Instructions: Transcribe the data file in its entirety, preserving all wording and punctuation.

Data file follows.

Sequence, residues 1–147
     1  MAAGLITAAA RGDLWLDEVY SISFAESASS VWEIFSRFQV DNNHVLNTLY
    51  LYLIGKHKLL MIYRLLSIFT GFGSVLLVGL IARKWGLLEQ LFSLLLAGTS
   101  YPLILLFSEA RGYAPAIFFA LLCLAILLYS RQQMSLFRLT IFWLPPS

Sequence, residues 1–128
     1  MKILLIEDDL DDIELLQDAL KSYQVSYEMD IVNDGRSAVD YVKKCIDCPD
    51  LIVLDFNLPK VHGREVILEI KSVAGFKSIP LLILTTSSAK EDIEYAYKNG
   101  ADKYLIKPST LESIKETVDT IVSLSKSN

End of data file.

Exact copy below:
Sequence, residues 1–147
     1  MAAGLITAAA RGDLWLDEVY SISFAESASS VWEIFSRFQV DNNHVLNTLY
    51  LYLIGKHKLL MIYRLLSIFT GFGSVLLVGL IARKWGLLEQ LFSLLLAGTS
   101  YPLILLFSEA RGYAPAIFFA LLCLAILLYS RQQMSLFRLT IFWLPPS

Sequence, residues 1–128
     1  MKILLIEDDL DDIELLQDAL KSYQVSYEMD IVNDGRSAVD YVKKCIDCPD
    51  LIVLDFNLPK VHGREVILEI KSVAGFKSIP LLILTTSSAK EDIEYAYKNG
   101  ADKYLIKPST LESIKETVDT IVSLSKSN